March 10, 2019
By Tom Vilsack
As presidential candidates make their way through Iowa and beyond, courting caucus goers and primary voters, it will be vital they include stops in rural communities contributing to America’s economy. It will be key they show up, listen, and find meaningful ways to engage our rural communities.
Rural industries are improving our energy stability and defining our transportation future. Value-added agriculture — manufacturing that makes the most out every granule of grain, waste, and grass — is a bedrock of stable, rural economies.
Right here in Iowa, biofuels have paved the way for rural economic development while making gains for our environment. Revitalizing rural communities with good-paying and high-tech jobs, they’re providing an additional market for our farmers and growing cleaner options at the pump across the nation.
For progressive candidates to understand all voters, they need to experience these promising innovations. Through biofuel production, rural communities are helping us achieve key progressive environmental goals to offset and neutralize carbon emissions and climate change, relieve disparate air and health conditions, and improve job security for working families.
Biofuel production is a sound investment in a greener future. During my time as Secretary of the U.S. Department of Agriculture we measured how effectively biofuels reduce greenhouse gases. The results are astounding. Corn ethanol reduces greenhouse gas emissions (GHGs) by 43 percent compared to gasoline and has the potential to reduce emissions by as much as 76 percent through further efficiencies, land stewardship, and conservation practices that our farmers are constantly implementing.
Iowa biofuels are not only delivering cleaner, low carbon fuels today, they are driving investment in biomass and switch grass, which can lower GHG emissions more than 100 percent. Recent biofuel innovations from the fields of Iowa are unleashing the potential for ultralow carbon fuels from recycled waste. Each innovation leads to more jobs and economic growth in America’s struggling rural communities.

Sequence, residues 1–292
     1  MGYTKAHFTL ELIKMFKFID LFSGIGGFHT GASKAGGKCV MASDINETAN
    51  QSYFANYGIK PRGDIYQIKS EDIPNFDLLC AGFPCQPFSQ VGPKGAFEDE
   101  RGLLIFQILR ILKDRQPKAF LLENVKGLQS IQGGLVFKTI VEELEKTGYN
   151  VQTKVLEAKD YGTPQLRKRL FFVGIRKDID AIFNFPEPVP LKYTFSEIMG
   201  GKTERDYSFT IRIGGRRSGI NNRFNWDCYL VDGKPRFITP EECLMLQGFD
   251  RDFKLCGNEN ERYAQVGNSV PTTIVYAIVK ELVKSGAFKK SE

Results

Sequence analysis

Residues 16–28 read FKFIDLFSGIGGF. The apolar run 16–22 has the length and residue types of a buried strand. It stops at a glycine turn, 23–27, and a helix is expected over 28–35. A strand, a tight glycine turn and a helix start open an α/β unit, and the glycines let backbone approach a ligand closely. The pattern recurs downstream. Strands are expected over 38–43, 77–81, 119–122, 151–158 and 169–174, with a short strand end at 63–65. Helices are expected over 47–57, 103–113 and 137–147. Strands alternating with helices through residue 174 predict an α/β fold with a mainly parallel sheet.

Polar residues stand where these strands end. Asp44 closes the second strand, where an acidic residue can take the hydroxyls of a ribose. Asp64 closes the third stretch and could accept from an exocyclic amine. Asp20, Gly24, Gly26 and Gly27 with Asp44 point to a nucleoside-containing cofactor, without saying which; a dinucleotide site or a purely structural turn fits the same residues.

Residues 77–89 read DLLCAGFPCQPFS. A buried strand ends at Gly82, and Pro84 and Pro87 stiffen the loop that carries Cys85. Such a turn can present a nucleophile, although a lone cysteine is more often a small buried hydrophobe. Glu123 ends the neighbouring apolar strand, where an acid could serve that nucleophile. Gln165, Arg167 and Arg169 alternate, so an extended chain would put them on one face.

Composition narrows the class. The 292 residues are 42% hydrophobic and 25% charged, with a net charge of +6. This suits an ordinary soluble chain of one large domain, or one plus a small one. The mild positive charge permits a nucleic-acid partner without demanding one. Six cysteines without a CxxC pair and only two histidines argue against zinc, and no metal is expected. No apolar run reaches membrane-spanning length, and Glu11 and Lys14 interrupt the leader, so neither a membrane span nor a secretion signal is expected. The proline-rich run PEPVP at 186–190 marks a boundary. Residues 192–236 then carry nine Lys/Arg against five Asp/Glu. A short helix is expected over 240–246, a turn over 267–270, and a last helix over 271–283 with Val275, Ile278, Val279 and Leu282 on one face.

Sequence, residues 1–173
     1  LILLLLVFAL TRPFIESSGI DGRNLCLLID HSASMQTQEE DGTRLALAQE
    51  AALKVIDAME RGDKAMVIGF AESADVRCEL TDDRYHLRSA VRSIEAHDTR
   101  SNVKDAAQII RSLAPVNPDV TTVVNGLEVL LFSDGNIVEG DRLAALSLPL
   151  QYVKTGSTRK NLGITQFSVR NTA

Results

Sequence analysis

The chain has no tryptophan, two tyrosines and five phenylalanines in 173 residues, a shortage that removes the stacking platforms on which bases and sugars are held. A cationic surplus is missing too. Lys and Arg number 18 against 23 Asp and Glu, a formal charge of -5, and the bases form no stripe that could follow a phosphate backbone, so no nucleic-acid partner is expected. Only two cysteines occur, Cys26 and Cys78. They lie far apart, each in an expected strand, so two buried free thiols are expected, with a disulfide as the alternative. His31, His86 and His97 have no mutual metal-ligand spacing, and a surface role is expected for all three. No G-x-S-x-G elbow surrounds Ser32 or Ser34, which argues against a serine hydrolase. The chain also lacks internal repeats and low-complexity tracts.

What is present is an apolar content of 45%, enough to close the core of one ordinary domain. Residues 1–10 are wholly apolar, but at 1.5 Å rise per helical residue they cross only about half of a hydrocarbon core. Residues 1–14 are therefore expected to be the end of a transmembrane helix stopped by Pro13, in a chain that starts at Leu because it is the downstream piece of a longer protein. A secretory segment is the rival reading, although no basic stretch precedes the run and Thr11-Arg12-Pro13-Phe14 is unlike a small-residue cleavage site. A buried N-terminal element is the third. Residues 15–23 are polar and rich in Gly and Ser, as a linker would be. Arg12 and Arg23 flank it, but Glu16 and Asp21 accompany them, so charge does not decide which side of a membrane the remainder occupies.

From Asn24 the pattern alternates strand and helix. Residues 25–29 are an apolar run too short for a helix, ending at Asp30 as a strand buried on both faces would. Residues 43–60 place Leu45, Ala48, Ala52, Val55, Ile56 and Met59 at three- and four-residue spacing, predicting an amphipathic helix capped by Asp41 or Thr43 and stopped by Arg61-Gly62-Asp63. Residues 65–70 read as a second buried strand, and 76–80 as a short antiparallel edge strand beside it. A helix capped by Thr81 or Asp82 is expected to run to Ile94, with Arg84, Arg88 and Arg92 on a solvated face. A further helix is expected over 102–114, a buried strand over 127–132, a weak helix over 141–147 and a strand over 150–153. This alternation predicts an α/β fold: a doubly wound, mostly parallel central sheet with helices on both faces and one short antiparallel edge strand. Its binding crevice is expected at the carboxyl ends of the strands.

As Americans continue to choose ethanol, they’re helping to offset toxic, cancer-causing chemicals that come with petroleum-based fuels. Reducing and replacing these chemicals lowers asthma rates and urban smog. These incredible biofuel benefits are not even the tip of the iceberg.
Stability in this market comes from the Renewable Fuel Standard (RFS) support — that support drives investors and innovation. Candidates interested in supporting a greener solution to our transportation needs would do well to support year-round E15 — a fuel made with 15 percent biofuel — and commit to ending handouts to oil industry giants via small refinery waivers.
Iowans and rural Americans across the country know these value-added benefits open endless opportunities. The common-sense practices from the farm to the pump are employing rural Iowans, greening our environment, and saving consumers costs at the pump. Iowa’s rural communities are prime real estate for America’s clean energy future. As we continue to innovate biofuels and invest in our growing wind generation, we can show the world a greener future beyond air pollution and offshore drilling.
To truly understand the innovations taking place and the industry impact, I encourage 2020 candidates to visit rural Iowa and these innovative industries. When you meet with rural Iowans, you find people working hard to make the world a better place. What starts in the field results in cleaner air for all of us and good jobs in communities that need them.
Successful campaigns have been able to find ways to attract rural voters around kitchen table issues. In 2007 and 2008, then-Senator Barack Obama spent 89 days visiting Iowa homes and businesses, powering him through the caucus and to the White House. The best way to win is to start the conversation. Because what gets discussed around kitchen tables in Iowa ends up feeding and fueling the world.
Tom Vilsack is a former Democratic governor of Iowa and served as U.S. secretary of agriculture under President Barack Obama.
Read the original column: Candidates Must Engage Rural Communities